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Jazz Theory: Insights In Jazz & A New Guide To Harmony With Lego Bricks

Discussion in 'It's all in the Mind - Music Theory' started by Chris98, Jun 1, 2010.

  1. Chris98

    Chris98 Senior Member

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    Hi,

    With good intentions but a history of not getting anywhere I am again looking to build my musical knowledge and understanding from nowhere to somewhere… hopefully! Musical theory… I just don’t know where to jump in, what texts to get or how to implement it into what I do. Anyway, today partly prompted by a ‘JazzWise’ e-mail I started to investigate John Elliott’s: Insights In Jazz

    This book and systematic approach sounds quite interesting, there is more info on his website: Insights In Jazz and he has a series of podcasts as well. I was looking at the Table Of Contents and at the bottom of the page is a flow chart, the first question is, “have you read A New Guide To Harmony With Lego Bricks?”

    This naturally lead to me looking at: Conrad Cork's: A New Guide To Harmony With Lego Bricks (2008 Edition)

    And now I don’t know what to do! Am I about to jump in well over my head with either book? Is there an order in which to study them? Is there a better place to start?

    If anyone has any experience with either book, I’d most welcome your thoughts and suggestions on how best to tackle the impenetrable fortress that is Music Theory!

    Best wishes,

    Chris
  2. Nick Wyver

    Nick Wyver noisy

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    I don't know either book, but anything that claims to do this:
    I would treat with a large bucket of salt.
  3. kevgermany

    kevgermany Landrover Nut Cafe Moderator

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    Have been thinking about the same books. I'd buy both, looks as if the Elliott book is an extension of the other, not sure if it stands alone, would also be interested to know.

    And if it teaches you to learn tunes in intervals, not notes, I don't see why you wouldn't be able to switch keys as needed.
  4. Chris98

    Chris98 Senior Member

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    Hi Nick,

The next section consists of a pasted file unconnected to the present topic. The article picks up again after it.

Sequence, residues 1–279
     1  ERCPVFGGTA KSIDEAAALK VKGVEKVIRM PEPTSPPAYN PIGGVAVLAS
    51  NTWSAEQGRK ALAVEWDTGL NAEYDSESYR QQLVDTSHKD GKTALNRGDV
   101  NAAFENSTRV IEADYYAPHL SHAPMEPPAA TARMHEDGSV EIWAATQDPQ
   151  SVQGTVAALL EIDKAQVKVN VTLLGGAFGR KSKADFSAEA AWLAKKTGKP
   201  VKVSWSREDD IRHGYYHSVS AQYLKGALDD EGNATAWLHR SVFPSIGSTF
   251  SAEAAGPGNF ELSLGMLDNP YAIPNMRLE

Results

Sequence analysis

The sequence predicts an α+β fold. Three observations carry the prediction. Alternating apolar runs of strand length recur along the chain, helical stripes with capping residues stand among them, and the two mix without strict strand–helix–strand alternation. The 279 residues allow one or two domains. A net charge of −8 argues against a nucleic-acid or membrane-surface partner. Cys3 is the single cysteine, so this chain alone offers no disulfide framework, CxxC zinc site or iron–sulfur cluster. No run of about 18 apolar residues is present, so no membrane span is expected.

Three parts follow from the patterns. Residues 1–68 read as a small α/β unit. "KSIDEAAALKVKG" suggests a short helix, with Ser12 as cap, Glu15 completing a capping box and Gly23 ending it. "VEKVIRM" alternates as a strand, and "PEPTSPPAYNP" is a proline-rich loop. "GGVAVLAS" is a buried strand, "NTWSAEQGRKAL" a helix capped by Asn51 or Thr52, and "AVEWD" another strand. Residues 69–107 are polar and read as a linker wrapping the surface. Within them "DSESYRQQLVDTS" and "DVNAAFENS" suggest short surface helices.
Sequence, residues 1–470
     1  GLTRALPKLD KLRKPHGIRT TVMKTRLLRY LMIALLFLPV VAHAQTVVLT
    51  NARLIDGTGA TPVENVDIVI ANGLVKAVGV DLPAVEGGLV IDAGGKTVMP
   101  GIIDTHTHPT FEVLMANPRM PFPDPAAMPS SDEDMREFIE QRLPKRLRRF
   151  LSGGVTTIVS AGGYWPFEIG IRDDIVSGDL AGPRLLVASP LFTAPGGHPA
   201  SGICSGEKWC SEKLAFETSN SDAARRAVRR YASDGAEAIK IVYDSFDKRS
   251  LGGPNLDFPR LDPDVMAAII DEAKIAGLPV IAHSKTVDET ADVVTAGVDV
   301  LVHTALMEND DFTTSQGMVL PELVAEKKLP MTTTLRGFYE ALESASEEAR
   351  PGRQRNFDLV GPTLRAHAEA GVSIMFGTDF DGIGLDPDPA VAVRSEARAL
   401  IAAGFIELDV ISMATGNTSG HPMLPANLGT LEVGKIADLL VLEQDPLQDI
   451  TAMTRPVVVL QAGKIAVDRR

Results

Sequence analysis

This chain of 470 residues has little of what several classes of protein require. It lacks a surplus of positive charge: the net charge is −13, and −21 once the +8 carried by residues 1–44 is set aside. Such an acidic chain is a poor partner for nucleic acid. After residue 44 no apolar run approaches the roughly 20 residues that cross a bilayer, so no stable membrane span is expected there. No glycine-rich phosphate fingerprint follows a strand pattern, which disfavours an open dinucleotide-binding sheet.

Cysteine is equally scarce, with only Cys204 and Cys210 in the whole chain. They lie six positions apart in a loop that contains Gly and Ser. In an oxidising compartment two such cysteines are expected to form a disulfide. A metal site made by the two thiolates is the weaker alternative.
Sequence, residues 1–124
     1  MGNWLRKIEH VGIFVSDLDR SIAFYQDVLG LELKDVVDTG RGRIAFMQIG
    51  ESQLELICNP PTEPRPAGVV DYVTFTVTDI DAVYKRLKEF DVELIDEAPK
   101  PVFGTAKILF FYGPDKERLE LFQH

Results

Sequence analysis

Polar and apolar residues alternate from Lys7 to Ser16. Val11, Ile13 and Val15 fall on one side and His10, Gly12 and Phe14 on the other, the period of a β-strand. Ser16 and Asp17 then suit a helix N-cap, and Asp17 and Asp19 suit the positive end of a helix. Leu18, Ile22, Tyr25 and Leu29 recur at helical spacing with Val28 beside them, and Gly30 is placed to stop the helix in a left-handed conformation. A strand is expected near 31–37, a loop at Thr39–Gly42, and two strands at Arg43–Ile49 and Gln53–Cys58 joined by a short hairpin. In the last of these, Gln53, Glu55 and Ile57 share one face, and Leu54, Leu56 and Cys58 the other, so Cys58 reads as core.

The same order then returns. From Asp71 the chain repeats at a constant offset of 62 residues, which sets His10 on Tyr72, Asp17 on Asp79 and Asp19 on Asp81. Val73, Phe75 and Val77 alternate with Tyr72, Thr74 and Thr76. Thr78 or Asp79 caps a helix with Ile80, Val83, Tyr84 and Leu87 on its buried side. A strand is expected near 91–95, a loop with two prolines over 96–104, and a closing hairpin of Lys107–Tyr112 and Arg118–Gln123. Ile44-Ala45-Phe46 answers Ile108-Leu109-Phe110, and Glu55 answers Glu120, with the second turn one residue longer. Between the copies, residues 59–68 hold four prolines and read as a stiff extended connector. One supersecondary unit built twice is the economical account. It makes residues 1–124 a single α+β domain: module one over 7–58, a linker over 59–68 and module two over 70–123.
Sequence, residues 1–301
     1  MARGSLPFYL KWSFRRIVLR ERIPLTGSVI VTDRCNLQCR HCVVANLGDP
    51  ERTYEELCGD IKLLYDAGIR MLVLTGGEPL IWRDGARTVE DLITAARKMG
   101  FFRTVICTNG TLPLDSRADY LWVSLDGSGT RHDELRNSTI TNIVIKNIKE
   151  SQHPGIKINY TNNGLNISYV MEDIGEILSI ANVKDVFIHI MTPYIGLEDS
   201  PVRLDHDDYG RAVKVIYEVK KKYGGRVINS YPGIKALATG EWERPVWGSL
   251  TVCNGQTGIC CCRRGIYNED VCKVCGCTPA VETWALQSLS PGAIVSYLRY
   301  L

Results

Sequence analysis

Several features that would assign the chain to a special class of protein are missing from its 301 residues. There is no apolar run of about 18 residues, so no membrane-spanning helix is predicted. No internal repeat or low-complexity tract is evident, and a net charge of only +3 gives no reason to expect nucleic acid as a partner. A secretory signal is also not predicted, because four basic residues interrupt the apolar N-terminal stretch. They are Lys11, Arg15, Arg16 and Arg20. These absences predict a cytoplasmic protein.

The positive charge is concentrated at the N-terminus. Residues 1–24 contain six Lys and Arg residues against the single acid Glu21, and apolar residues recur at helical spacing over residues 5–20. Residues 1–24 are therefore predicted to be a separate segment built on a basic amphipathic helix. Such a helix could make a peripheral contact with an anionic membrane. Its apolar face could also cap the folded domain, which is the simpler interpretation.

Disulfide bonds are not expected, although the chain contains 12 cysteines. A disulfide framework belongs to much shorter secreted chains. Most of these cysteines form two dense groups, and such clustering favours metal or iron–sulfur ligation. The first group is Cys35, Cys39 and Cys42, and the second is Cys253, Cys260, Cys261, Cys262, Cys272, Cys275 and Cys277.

Modern marketing I guess, you either join them or never get a looked at in the first place, phrases like
    wash over me, everything tries to promise something and at some point the work has to be put in. Hence why I delved a little deeper, and it's encouraging that the author is backing up his work with regular podcasts, and has made a serious attempt to offer an insight into his book on his website. JazzWise also say:

    Hi Kev,

    Yes, it's the bit about learning the tunes in intervals and understanding the harmonic nature that piqued my interest. At the moment I feel I am doing the musical equivalent of painting by numbers with no appreciation as to why I'm playing those particular notes. Or why the tune has a particular feel and structure or how it works.

    If you've not yet listened to the podcasts I'd suggest having a listen, I think they are intended more for people with the book but you can get a feel for his approach.

    All the best,

    Chris
  5. rudjarl

    rudjarl Senile Member. Scandinavian Ambassadour of CaSLM

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    Hi Chris,
    Books are good. Books are great. Teaching every bit and trick there is in harmonics, music style, the history of whatever it is about. And following books, you'll be a master in Bb9sub4 - Dbdim - Eb9+4-13 - F7, Bach and Handle showing the same restraint in each others music as magpies on your silverware, the influence of folk music in... ohhhhh... just about everything... tons of theory of improvisation... and... well, there is no end to it...